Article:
Books in Review, January/February 2015
The Nixon Administration’s
REVIEWS BY MARC LEEPSON
The Miller Center of Public Affairs at the University of Virginia is not exactly a hotbed of “nattering nabobs of negativism,” as former Vice President Spiro Agnew once described liberal critics of Nixon administration policies. The Miller Center is a well-regarded nonpartisan think tank best known for its presidential scholarship efforts, including compiling extensive oral histories and preserving presidential recordings from every president since Franklin D. Roosevelt.
Ken Hughes, a researcher at the Miller Center’s Presidential Recordings Program, has spent ten years scrutinizing clandestinely recorded White House tapes from the Johnson and Nixon administrations. What Hughes has found on those tapes is the basis for his groundbreaking new book, Chasing Shadows: The Nixon Tapes, the Chennault Affair, and the Origins of Watergate (University of Virginia Press, 240 pp., $24.95).
After leaving the presidency in disgrace in 1974, Nixon waged a legal battle to keep the public from learning what was on thousands of hours of unreleased White House tapes, Hughes writes. Aside from the tapes revealing stark evidence of his racism and anti-Semitism, Nixon fought to keep them secret for another reason: He knew they contained smoking-gun evidence of the crimes he had perpetrated before and after he took office.
The first crime had a direct impact on the Vietnam War. It happened in the months before Nixon won the 1968 presidential election. Nixonin cahoots with Anna Chan Chennault, a moving force behind the vehemently anti-communist China Lobbysecretly and successfully undermined the Paris peace talks. How? By having Chennaultworking with Bui Diem, South Vietnam’s Ambassador to the U.S.convince South Vietnam President Nguyen Van Thieu that he could get a better deal from the North Vietnamese under a Nixon presidency than he would in the last months of the Johnson regime, or in an administration led by Democratic nominee Hubert Humphrey.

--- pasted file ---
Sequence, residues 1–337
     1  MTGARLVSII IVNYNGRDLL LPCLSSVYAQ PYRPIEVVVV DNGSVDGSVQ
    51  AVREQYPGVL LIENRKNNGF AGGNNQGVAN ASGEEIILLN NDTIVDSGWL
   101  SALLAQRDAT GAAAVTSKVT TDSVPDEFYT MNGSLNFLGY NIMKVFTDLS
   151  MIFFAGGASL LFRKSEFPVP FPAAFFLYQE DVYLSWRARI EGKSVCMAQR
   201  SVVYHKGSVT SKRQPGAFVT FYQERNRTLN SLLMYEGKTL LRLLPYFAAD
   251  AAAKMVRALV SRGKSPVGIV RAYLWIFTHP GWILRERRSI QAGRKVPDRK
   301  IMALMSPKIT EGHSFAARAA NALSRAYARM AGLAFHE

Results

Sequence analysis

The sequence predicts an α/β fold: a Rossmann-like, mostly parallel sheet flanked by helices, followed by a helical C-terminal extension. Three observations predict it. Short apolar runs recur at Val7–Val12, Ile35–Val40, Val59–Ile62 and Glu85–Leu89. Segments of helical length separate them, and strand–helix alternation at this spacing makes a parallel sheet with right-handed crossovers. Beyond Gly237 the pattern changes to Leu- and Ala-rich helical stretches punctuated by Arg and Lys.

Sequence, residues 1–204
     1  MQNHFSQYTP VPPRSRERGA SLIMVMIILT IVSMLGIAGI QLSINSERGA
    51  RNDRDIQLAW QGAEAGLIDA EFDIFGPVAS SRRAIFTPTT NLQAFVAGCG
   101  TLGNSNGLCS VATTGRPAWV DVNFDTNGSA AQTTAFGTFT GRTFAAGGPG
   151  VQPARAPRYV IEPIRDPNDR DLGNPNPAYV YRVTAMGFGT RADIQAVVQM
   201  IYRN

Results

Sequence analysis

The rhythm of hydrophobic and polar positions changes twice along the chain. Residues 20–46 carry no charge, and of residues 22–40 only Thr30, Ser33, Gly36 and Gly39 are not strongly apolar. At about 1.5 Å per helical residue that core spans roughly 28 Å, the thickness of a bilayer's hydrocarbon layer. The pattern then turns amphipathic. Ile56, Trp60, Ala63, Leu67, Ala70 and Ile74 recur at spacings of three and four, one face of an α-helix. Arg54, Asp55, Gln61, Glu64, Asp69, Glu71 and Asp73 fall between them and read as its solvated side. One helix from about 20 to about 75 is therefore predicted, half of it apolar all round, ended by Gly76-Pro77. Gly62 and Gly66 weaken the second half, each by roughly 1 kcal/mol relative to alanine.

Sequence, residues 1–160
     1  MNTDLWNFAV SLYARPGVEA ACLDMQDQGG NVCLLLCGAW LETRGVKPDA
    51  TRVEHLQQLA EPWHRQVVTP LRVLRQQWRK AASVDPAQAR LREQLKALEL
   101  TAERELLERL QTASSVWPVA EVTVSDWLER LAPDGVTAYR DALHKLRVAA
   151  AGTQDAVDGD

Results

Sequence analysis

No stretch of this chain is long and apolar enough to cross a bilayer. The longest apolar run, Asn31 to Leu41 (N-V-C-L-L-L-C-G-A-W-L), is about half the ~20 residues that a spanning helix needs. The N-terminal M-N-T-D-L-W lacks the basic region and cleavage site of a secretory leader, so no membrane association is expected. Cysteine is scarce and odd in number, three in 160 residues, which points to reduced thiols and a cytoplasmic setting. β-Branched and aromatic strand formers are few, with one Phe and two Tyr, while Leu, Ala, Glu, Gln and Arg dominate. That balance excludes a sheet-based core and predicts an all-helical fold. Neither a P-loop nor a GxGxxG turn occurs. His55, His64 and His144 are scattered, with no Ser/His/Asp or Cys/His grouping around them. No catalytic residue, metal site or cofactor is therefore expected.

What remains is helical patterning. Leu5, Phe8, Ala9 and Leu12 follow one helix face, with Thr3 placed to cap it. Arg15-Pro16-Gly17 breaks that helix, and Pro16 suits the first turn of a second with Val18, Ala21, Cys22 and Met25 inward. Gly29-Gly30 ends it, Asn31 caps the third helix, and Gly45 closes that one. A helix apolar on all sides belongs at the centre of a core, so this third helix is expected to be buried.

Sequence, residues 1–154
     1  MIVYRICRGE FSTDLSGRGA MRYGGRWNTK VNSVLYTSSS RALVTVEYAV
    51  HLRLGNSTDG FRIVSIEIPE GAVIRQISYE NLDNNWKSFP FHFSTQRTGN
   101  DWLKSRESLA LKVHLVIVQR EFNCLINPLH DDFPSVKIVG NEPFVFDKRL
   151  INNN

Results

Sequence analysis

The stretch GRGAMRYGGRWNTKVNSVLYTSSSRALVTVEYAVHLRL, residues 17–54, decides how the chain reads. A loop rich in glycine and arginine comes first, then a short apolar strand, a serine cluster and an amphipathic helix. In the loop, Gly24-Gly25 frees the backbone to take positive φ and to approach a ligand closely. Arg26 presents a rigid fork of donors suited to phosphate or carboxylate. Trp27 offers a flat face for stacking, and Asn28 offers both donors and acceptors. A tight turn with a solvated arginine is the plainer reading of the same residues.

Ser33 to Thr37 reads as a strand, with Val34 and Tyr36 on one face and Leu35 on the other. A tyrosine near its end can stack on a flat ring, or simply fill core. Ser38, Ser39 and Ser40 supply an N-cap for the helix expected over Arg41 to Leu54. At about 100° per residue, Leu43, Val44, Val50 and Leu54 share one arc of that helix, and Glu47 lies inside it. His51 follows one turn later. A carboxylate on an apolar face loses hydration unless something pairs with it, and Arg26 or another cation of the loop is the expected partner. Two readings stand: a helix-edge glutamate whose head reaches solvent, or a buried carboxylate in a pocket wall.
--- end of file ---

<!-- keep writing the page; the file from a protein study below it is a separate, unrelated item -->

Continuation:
Thieu bought that argument and refused to cooperate with the North Vietnamese as negotiations were held to try to start peace talks. The upshot: the talks were delayed for many months and the war dragged on. In other words, Richard M. Nixonaided and abetted by his foreign policy adviser, Henry Kissingerknowingly prolonged the Vietnam War for his own political gain.
As Hughes puts it, the South Vietnamese government, “in whose defense more than thirty thousand Americans had died and more than half a million Americans were currently risking their lives, had boycotted the Paris peace talks for the purpose of swinging the American presidential election to its preferred candidate, Richard Nixon.” Nixon played politics, Hughes notes, “with life-or-death matters of war and peace. His own secretly recorded White House tapes [and the Johnson White House tapes] would demonstrate” it.
Johnson found out what Nixon was up to in late October of 1968, just as he was about to order a bombing halt and announce the start of peace talks. Johnson, as Hughes puts it, “received a warning that the Republican presidential nominee was trying to sabotage the peace talks before they even began.”
What’s more, Nixon “in speech after speech” lied to the press and to Johnson, denying that he was monkeying with the peace process. In July of 1968, for example, he told a reporter he would not do anything “to jeopardize the chances for a [peace] settlement.”
Hughes calls the Nixon sabotaging of the Paris peace talks “a scandal that cast doubt on the legitimacy of his entire presidency.”
Then there was the second Vietnam-War-related crime exposed on the Nixon White House tapes: Nixon’s 1971 order to White House Chief of Staff Bob Haldeman to organize a break-in at the Brookings Institution, a liberal-leaning Washington think tank. Nixon ordered the burglary because he believed that Brookings had in its files a report detailing his 1968 illegal machinations to sabotage the Vietnam War peace talks.